After closing her business due the coronavirus quarantine, a woman in small Lithuanian town started sewing facemasks. Not looking to make money, she hangs them on her fence for everyone to take.
Regina Šutaitė from Kelmė, a town of some 8,000 people in northwestern Lithuania, says her multi-coloured facemasks are very popular with the local community.
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“All I need to do is hang them up, take a photo, post it on Facebook – and they are gone,” Šutaitė tells LRT.lt. “People learn about them from others, from their neighbours, pensioners come for the masks, too. It turns out, they also use social media.”
Before the coronavirus quarantine, Šutaitė was selling second-hand clothes, but her business has come to a halt. She decided to start making facemasks to entertain herself during the downtime as well as to benefit the community.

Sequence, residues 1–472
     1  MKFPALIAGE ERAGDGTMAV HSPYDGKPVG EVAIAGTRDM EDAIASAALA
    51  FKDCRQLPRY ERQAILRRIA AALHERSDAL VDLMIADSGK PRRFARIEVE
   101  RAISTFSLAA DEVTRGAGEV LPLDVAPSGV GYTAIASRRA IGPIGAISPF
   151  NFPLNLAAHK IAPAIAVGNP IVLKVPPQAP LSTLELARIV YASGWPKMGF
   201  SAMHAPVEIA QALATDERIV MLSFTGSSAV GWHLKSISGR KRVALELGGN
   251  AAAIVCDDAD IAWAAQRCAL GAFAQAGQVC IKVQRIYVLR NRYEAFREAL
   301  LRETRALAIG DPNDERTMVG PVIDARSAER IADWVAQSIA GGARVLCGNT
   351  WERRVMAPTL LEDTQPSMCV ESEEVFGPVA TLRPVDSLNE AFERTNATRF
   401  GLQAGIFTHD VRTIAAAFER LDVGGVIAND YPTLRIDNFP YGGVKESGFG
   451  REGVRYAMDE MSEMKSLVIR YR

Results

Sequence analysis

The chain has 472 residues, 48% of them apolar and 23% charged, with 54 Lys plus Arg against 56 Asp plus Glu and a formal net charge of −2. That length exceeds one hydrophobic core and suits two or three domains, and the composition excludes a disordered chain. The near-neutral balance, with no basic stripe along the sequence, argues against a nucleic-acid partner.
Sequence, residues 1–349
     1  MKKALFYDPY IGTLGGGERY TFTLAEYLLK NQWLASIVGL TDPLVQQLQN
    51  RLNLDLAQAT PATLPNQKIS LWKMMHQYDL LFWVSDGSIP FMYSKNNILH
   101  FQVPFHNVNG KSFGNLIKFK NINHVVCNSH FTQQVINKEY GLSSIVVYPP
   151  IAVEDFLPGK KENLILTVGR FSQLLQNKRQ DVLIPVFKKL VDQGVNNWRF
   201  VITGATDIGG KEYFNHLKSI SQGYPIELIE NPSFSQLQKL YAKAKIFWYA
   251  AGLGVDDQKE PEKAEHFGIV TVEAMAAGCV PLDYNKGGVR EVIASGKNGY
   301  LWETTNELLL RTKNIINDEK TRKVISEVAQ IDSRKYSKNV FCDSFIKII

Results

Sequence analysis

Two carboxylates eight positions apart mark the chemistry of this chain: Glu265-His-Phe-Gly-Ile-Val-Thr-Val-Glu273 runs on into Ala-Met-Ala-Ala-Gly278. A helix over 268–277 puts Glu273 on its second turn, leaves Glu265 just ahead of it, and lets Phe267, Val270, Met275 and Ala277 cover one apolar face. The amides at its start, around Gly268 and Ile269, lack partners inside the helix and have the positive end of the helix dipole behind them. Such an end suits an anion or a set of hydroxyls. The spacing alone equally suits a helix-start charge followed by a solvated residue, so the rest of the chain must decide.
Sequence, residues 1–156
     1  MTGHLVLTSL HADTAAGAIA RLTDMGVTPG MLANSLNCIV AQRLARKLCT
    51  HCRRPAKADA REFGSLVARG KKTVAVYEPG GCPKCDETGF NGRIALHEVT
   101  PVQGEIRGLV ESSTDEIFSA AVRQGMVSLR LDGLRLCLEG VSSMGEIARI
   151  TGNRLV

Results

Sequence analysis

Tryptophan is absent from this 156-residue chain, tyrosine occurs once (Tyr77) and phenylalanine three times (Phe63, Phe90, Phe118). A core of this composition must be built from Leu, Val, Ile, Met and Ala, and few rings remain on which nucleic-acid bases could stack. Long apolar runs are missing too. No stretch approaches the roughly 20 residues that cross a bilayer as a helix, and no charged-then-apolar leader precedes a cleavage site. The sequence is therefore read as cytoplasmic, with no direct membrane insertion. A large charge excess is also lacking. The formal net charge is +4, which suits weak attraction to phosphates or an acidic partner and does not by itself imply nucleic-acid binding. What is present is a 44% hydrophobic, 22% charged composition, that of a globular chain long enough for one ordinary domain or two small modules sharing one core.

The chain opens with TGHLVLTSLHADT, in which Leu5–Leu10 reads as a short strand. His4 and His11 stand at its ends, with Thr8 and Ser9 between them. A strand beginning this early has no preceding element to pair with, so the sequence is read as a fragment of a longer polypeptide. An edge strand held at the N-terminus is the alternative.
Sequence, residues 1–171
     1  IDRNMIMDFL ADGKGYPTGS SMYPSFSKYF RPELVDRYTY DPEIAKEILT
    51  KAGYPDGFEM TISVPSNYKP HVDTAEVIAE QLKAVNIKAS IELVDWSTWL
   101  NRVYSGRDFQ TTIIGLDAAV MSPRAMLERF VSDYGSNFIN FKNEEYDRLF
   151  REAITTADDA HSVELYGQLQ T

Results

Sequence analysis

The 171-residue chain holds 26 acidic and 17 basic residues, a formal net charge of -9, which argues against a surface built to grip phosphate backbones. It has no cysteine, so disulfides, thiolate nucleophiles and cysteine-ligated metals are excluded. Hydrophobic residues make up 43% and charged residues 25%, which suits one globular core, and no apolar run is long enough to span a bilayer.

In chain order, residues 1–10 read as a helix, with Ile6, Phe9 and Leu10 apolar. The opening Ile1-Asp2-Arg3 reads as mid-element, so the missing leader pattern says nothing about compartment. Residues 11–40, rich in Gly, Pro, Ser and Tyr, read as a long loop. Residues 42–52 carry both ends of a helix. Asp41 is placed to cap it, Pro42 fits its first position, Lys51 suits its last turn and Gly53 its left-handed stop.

“The first masks I made weren't very good, but then a friend gave me a pattern,” she says.
Several of her friends, who had also lost their jobs due to the quarantine, soon joined the initiative and now Šutaitė says she runs a proper facemask factory.
People from further afield, too, have contributed to the initiative.
“A woman in Šiauliai, after seeing our masks on Facebook, sent us a box of rubber bands by mail, even though I don't know her,” Šutaitė says.
The women insist on not taking money for the masks, saying they primarily want to equip the least well-off with protection from the virus.
“One day I saw a person in town who wore a dirty single-use mask. I approached him and said: come over, I'll give you a new one,” Šutaitė says.
She has also taken a batch of facemasks to a local farm.
Even though the masks are free, people find ways to return the favour, Šutaitė adds.
Oftentimes, neighbours leave chocolate bars, jars of honey or pastry baskets near her fence.
She has also received requests from people in other towns, including Vilnius, to mail them masks. “Some people are offering to pay, to cover the shipment.”
Šutaitė wants to emphasise that making facemasks is easy.
“I can share my patterns. Sewing a masks is not difficult, I am not a seamstress myself,” she says. “During this quarantine, people are wondering what to do. Sew, I tell them, all your concerns will be gone, you'll forget your problems.”